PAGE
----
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The UC Davis Extension Words in Bloom writers' conference is coming to Midtown for the first time this spring, and it promises a fertile writing environment for area wordsmiths.
“There’s great power in coming together with a group of people to set words on a page, words that you never thought you could or would write,” said Kate Asche, Words in Bloom program director and UC Davis Extension associate director of arts and humanities.
Words in Bloom will be held the weekend of April 29 to May 1. Writers who register by March 15 receive a $150 discount. Three persons registering for Words in Bloom together as a writing group each receive a further discount of $100. The full tuition before discounts is $745.
One of the chief aims of Words in Bloom is to provide a conference experience for writers without the time or money to attend UC Davis Extension’s other writing conference, the Tomales Bay Workshops, Asche said.
“I’ve seen Tomales Bay change so many people’s writing lives and their lives in general,” she said. “I wanted to bring a conference of that quality to Sacramento.”
Tomales Bay is twice as long as Words in Bloom. Before early bird or other discounts full tuition for Tomales Bay is more than double that of full tuition for Words in Bloom.
Asche coordinates both events, and she noted key differences between Words in Bloom and Tomales Bay, which is in its seventh year.
“Words in Bloom is expressly focused on creating new projects,” Asche said.
Another important goal of the conference is networking.
The new conference was kept to two weekend days, so local writers would not need to take time off work, Asche said. They can rejoin their families in the evening and avoid paying for lodging.
In contrast, faculty at Tomales Bay provide critique for writers with working manuscripts within a retreat setting. There is some networking.
Words in Bloom features the same high-caliber faculty as Tomales Bay.
“Our reputation is built upon the quality of what we deliver,” Asche said. “I wanted to make sure that that same extremely high quality is observed.”
Words in Bloom faculty include Dana Levin (poetry), Pam Houston (fiction), Ehud Havazelet (fiction) and Brenda Miller (creative nonfiction). Levin has previously spoken at Tomales Bay. Houston is director of creative writing at UC Davis and program director for Tomales Bay.
UC Davis Extension instructors recommended Havazelet and Miller, Asche said.
Words in Bloom participants select the writer of their choice and attend that writer’s workshop on both Saturday and Sunday mornings. Afternoon and evening sessions will feature readings and panel discussions with local authors, emerging writers and agents. There also will be an opportunity to meet with publishing professionals for an additional fee.
The conference will take place at Time Tested Books in Midtown. Parking is available at the UC Davis Extension Sutter Square Galleria parking garage on 29th and K Streets. From there it is about a 10-block walk to Time Tested Books.
Several restaurants are located in the vicinity of the bookstore.
“One of our hopes is that (students) would be able to continue the conversations by going to lunch and seeing where it leads,” Asche said.
Both Words in Bloom and Tomales Bay fulfill a portion of the elective requirements for the UC Davis Extension Creative Writing Certificate Program. For Words in Bloom, payment for units of academic credit is included in the conference fee, whereas there is an additional fee for academic credit for Tomales Bay.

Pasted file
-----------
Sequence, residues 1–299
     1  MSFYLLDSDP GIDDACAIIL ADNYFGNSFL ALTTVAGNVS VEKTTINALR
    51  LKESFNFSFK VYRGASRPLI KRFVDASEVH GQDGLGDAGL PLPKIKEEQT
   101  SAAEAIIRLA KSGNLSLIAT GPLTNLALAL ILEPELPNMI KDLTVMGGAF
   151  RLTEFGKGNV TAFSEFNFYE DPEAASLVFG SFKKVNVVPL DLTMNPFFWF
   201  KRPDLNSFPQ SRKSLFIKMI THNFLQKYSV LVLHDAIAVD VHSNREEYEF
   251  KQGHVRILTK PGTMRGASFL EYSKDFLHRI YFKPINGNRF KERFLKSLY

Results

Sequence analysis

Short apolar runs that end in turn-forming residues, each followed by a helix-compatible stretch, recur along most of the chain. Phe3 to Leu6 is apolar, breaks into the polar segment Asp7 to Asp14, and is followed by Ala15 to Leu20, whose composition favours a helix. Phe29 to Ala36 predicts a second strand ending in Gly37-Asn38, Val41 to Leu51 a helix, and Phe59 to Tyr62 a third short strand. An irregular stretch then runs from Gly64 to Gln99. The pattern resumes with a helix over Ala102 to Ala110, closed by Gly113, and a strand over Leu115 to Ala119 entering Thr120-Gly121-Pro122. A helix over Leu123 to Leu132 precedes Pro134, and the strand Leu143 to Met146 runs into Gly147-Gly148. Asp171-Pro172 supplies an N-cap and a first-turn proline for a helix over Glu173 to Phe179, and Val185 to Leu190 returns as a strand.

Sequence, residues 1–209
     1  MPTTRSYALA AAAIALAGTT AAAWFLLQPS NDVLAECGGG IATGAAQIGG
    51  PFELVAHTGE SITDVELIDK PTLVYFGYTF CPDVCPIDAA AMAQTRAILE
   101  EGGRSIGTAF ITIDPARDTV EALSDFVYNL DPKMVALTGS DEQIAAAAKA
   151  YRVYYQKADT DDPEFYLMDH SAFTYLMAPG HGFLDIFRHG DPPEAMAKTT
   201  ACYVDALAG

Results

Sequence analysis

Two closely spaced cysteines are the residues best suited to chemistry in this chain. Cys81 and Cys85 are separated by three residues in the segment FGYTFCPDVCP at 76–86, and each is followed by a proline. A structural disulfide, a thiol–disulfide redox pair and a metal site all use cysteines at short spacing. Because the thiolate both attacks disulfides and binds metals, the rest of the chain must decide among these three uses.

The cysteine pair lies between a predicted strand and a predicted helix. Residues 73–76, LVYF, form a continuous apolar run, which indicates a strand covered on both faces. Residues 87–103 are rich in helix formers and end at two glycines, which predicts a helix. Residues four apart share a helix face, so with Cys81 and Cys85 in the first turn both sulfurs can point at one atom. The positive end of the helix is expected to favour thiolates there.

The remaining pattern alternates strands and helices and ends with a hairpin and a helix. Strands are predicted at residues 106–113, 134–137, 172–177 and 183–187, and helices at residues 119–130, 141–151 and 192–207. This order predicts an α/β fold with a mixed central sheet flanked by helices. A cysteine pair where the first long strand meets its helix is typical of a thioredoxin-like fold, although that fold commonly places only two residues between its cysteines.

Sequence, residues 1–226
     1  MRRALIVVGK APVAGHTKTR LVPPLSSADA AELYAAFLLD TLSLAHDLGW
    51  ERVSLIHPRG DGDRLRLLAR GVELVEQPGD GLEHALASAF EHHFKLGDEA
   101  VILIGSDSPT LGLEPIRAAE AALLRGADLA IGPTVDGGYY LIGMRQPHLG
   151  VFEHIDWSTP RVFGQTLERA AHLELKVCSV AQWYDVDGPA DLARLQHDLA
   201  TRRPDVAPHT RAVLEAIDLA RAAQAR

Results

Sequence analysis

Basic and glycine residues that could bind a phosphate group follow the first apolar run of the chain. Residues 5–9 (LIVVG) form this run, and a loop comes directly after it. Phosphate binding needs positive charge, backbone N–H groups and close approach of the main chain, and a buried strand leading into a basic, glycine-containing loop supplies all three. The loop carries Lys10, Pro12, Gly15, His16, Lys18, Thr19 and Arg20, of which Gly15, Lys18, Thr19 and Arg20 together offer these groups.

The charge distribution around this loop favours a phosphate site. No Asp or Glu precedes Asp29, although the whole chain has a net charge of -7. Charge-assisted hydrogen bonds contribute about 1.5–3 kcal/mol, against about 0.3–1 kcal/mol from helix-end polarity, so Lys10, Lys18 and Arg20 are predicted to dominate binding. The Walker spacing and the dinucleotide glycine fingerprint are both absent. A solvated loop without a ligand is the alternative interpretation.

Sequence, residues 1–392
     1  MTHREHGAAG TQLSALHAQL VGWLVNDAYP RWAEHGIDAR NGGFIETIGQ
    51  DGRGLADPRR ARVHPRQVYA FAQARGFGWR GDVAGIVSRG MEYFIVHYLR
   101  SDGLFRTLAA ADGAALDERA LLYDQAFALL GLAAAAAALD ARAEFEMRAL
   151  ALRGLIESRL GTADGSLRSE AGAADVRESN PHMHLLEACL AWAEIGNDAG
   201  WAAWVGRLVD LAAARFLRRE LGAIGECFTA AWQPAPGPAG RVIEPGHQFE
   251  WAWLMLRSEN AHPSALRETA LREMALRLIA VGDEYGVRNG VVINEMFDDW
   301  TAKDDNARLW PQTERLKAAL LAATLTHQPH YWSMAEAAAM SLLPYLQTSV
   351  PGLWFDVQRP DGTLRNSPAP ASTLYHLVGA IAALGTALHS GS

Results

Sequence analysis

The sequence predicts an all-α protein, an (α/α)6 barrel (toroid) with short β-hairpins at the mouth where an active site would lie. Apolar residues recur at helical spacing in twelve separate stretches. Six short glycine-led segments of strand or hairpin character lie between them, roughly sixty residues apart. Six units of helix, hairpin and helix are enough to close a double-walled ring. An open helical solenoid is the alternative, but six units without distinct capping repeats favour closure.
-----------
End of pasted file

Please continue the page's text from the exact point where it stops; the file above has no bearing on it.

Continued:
“This is my way of getting a UC education,” said Brenda Nakamoto, who is pursuing the Specialized Studies Program in Nonfiction Writing at UC Davis Extension.
Nakamoto said she was attracted to Words in Bloom because of its lower cost and closer proximity than Tomales Bay.
“I thought I’d give myself two days to just be creative,” Nakamoto said.
Nakamoto has admired Miller’s work and said Miller was another draw to Words in Bloom.
She said the description of Miller’s workshop in the Words in Bloom program appealed to her: “Be prepared to check your critical mind at the door, and put on your play clothes instead.”
Nakamoto received a fellowship to attend Tomales Bay in October 2009. Roan Press will release her creative nonfiction book “The Peach Farmer’s Daughter” in April.
Words in Bloom is the only writers’ conference with offerings for writers in different genres in Sacramento, Asche said.
“As of right now we have an eye to the future for it,” Asche said. “We want to see this year’s conference succeed, but it’s a longer-term vision than that.”
The Northern California Publishers and Authors conference will not be happening this year, said Ken Umbach, NCPA communications director.
“(Words in Bloom) looks like a very promising conference for writers,” Umbach said. He said the NCPA conference focused more on the publishing side of the business.
Another Midtown writing conference is Our Life Stories, which focuses on memoir writing. The Ethel MacLeod Hart Senior Center will host Our Life Stories at Cosumnes River College on May 7.
UC Davis Extension is holding a free information session about its writing programs Monday night from 6 to 8:30 p.m. at the UC Davis Extension Sutter Square Galleria branch at 2901 K Street. Topics will include Words in Bloom, the Tomales Bay Workshops, the Nonfiction Writing Specialized Studies Program and the Creative Writing Certificate Program. The information session will conclude with a panel discussion entitled “Marketing Yourself as a Writer.”
Attendees will receive a $50 coupon which can be used toward a spring class, but not Words in Bloom.
The early bird registration deadline for Tomales Bay, which will be held October 19 through 23, is May 6.